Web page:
3 Challenges of Being a Retail Operations Director and How to Overcome Them

09 October 2020

Operations | Retail

The day-to-day life of a retail operations director has never been easy. With so many different plates to keep spinning and the responsibility of an entire store network resting on your shoulders, it can be difficult to keep things running smoothly.

But in 2020, everything has been kicked into overdrive. The COVID-19 pandemic has thrown the retail industry into crisis mode, and operations professionals have been left wondering - where do we go from here?

Here are 3 key challenges facing retail operations directors in the post-COVID-19 era, and how to deal with them like a pro:

#1: Lack of visibility into in-store execution

Even before the pandemic, retail operations directors couldn’t be everywhere at once. To a certain extent, they had to rely on store teams to communicate what was happening at store level.

And now that stores are operating on a reduced rota to minimize health risks, it can be difficult to determine how well stores are adjusting to post-COVID-19 operational requirements.

When you can’t just drop by a store to check in and see if they need any extra support, and nobody working there has time to update you because they’re run off their feet, standards can slip.

And in this tough period, retailers simply cannot afford for that to happen.

How to overcome it:

To make things work in this new reality, communication has to be a two-way street.

Give stores a voice so that they can share key information on store operations - such as confirming the proper implementation of visual merchandising guidelines, sharing sales figures, or giving feedback on which products are selling well and which aren’t.

This promotes a sense of trust between stores and HQ, and gives retail operations directors a clear overview of what is going on across their network.

RELATED: 5 Reasons Why Visibility into In-Store Execution Is a Game Changer for Retailers

#2: Not being able to visit stores

Right now, it’s neither safe nor practical for operations managers to visit stores. But store teams still need support, and HQ still needs to know how each site is performing.

Without the reliable process of in-person store visits, information could get lost or be transferred incorrectly. This puts a lot of pressure on area managers - who can’t help not being able to visit stores in person - and store teams, who are already stretched too thin as it is.

How to overcome it:

Remote store visits - a digitized process which allows operations professionals to carry out all the regular checks, without actually being in the store - are the most practical option. They limit face-to-face interaction and keep everybody involved safe, from HQ to store teams to customers.

Asking for updates on a store’s progress encourages store teams to reflect on their performance, and figure out what they’ve been doing well and what they might need to improve.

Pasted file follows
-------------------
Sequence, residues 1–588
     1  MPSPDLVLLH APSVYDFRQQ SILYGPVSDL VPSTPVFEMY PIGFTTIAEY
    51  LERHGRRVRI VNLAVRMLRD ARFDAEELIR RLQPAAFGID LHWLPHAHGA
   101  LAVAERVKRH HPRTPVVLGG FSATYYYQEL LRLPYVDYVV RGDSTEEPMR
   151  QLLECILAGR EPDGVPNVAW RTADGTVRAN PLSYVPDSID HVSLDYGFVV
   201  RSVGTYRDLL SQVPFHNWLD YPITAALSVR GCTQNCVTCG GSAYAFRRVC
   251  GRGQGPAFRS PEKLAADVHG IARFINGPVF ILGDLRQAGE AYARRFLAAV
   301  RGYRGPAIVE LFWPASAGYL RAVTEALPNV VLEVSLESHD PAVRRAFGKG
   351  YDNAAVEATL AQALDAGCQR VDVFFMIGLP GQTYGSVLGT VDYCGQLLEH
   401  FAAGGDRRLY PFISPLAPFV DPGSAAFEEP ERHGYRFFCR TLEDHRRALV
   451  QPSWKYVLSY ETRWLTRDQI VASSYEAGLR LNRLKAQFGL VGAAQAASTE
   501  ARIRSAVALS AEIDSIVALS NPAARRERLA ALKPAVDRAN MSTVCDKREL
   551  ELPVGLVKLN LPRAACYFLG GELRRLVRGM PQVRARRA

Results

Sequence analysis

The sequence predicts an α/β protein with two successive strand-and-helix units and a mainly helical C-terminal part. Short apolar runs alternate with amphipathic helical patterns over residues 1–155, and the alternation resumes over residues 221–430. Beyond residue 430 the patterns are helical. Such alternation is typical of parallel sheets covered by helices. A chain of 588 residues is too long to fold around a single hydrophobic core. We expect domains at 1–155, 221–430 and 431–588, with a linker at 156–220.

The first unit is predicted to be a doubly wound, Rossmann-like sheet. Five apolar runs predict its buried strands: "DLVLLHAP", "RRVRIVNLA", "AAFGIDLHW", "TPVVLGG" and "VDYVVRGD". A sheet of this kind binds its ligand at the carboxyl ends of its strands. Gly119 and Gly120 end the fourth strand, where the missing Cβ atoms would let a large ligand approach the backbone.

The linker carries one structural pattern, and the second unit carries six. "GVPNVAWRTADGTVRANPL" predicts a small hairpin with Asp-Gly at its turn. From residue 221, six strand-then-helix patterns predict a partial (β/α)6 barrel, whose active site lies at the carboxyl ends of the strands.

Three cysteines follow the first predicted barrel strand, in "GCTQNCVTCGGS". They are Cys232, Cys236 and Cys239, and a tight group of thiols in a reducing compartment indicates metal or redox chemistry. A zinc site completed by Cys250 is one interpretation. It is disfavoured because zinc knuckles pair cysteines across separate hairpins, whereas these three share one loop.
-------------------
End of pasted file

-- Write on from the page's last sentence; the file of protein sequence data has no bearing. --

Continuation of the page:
Remote store visits are also a way of future-proofing your business. Nobody can predict exactly what the fallout will be for retail post-COVID-19, or what challenges might be coming next. Implementing a remote store visit process is a long-term solution that will save retailers time and money.

RELATED: Best Practices for Remote Store Visits & Audits in the COVID-19 Era

#3: Motivating the team from afar

Managing employees is more than just about carrying out evaluations - it’s about seeing which members of staff are excelling and rewarding them, listening to their feedback, and forming strong working relationships with them.

Having to work remotely makes maintaining this connection difficult for retail operations directors.

The kind of insight you get from meeting with store teams and area managers in person can be hard to replicate via emails or instant messaging. The nuance can be lost, and there are often small things that people would mention in passing during a face-to-face conversation that they wouldn’t bring up in an email.

How to overcome it:

Working relationships across all industries have been challenged this year, but not being able to see your colleagues in person doesn’t mean that team morale needs to dip.

The best way to ensure that your employees feel seen and heard is by keeping everybody in the loop and showing them that communication with stores is your top priority.

Better yet, create a dedicated space for motivating your teams and recognizing their achievements. Whether you’re organizing friendly competitions between stores or celebrating a particularly well-performing store for the entire network to see, it all helps to maintain a high level of engagement amongst your frontline employees.

RELATED: How to Engage Your Teams With Internal Communications

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